Approaching the Advanced Mechanics

Posted by Ronald Hickland on

By Staff Writer Tim Gagne


Last time I went over the basics of the approach and lining up your shot; today I will be going over the more advanced mechanics involved before you hit the line. As bowlers develop a hook on the lanes, they start requiring some much more important mechanics to keep a consistent shot. These can range from learning transitions, to matching up the pattern, to throwing the ball repeatedly in the pocket. When it comes to putting up the best score each game, the only things you can truly control exist behind the foul line.


Attack Plans



Before each shot, you should have some plan of “attack”. You should have a starting place on the approach, a target board on the lane, a breakpoint somewhere downlane, and have an idea of the speed you want and the amount of hand you are putting in the ball. Figuring each of these things out is a learning experience. It takes time to determine when you need to slow down, or move left, or adjust your target right, or project the ball further. As always, the best time for this is during practice sessions.


One of the best things you can do for yourself in a practice session is to try everything. Look at every ball you have, play everywhere on the lane, and look to hit your marks and target spots. Don’t focus on the result so much as the execution. If you throw no strikes the entire time but never threw a bad ball, you should reward yourself still. Practice is not about the score.


Lining Up in Transition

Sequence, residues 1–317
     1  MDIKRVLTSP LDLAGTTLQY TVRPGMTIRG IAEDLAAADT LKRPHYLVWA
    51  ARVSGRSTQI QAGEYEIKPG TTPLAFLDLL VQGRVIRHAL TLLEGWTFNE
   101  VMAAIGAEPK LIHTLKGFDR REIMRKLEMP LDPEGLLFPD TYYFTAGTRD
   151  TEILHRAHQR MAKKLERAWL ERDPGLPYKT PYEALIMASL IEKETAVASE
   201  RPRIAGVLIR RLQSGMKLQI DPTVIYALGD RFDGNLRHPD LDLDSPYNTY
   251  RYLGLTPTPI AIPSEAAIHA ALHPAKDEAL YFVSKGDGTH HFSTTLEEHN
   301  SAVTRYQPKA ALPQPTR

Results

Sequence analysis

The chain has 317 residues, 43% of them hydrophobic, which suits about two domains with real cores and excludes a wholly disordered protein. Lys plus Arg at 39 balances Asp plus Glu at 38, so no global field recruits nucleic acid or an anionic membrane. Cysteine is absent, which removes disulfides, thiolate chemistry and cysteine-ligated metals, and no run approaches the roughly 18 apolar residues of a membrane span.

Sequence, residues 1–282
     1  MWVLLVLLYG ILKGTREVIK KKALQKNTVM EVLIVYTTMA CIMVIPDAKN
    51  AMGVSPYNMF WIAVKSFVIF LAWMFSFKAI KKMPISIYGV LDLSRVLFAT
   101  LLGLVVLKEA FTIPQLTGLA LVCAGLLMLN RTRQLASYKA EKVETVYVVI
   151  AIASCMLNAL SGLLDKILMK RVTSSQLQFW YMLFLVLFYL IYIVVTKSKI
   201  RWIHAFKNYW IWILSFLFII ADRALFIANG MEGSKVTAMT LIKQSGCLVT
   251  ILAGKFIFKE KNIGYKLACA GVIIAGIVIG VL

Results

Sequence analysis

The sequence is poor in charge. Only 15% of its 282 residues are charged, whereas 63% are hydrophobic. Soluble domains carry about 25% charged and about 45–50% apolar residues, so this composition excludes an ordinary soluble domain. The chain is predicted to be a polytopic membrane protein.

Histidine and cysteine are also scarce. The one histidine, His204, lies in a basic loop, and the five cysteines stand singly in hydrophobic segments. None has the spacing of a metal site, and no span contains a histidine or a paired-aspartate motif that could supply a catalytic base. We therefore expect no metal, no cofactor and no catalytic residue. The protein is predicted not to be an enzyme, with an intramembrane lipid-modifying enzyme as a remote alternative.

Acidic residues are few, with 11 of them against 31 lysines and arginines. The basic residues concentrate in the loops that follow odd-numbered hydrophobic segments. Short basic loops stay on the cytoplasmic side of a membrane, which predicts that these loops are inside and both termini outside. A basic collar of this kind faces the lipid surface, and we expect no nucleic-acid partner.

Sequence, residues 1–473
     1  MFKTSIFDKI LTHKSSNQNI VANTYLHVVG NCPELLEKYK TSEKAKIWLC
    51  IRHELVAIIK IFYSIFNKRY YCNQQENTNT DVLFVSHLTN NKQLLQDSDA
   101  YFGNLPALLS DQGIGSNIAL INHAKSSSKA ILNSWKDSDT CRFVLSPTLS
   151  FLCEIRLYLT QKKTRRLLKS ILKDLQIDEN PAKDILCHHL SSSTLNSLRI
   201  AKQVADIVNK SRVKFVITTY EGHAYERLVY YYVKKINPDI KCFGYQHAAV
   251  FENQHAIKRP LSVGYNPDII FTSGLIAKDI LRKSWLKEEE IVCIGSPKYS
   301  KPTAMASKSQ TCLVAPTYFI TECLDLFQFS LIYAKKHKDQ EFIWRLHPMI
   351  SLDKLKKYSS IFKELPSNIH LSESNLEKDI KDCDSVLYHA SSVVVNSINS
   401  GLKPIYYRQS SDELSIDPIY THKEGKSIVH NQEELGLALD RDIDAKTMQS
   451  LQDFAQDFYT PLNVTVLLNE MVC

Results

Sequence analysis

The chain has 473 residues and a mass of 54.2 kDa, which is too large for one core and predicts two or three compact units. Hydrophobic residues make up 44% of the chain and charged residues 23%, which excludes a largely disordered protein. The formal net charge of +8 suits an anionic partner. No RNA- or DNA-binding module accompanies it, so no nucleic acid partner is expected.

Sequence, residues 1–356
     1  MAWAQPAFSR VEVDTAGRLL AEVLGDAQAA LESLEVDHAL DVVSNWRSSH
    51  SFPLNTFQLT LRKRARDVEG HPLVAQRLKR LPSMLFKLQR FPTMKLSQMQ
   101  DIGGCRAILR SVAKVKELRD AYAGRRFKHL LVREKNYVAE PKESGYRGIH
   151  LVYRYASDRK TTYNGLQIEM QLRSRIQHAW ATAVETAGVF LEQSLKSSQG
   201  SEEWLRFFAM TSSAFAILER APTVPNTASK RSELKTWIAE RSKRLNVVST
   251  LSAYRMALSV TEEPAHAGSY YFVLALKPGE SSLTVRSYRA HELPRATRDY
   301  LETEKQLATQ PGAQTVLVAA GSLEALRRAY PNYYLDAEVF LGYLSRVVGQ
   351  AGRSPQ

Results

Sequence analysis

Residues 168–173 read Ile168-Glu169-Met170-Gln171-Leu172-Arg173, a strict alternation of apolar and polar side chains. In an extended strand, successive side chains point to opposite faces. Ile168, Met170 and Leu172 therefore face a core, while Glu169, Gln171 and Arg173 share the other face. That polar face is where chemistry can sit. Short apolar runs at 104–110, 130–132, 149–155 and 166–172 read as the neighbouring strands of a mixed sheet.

On your typical house shot, most bowlers have a go-to line. They usually will open up with a great first game if they are throwing well and then they will start to fall off towards the end of the game or beginning of game two. This is the transition in action. As a bowling ball rolls down the lane, it picks up oil until it hits the dry part of the lane, then it will lay down a bit of oil until it grabs the lane to hook. This causes the pattern to take shape and creates hook spots in some places and skid in others. The key during this transition is to make the proper adjustments that will line you back up. For the most part, you will move in the direction of your off-ball hand. This is generally due to the hook spot wearing too much and the ball beginning to overhook.


Once you are at the point that you are overhooking and need to move a bit, while you are only moving a board or two at a time, you need to remember to stay consistent with your line. Your break point should be staying the same on the small board movements, but sometimes you will need to “redraw” your target line so you are looking at the correct board for targeting. You also may need to open up your shoulders just a tiny bit to allow your swing to stay in line with your ball path. Imagine a string tied from your ball side shoulder, to your target, to your break point. You want the string to be straight or in a continuous curve, not weaving left or right to try to get to the next point.


Wrap Up


Going through the advanced measures of transition is an endless topic. There are so many options to choose from in making a good adjustment. Focus on practice and finding the ones that work with you and for you.

Next time I’ll be approaching (pun intended) the topic of the mental side of bowling.


Until then, good luck and bowl well!


  • Oil will move down the lane more with a Urethane ball compared to a reactive ball.

    As the lane transitions you will need to change what arrow you are targeting. So if you are right handed you would move your target to the left as the lane transitions

    CtD Bowling on

  • Wow ! This explains real well on lane conditions.
    Do the oil moves further down the lane with different kind of balls ?
    Do I keep the same arrow for targeting through the transition of the lanes ?
    Thank you for the great explanation !

    Steven on

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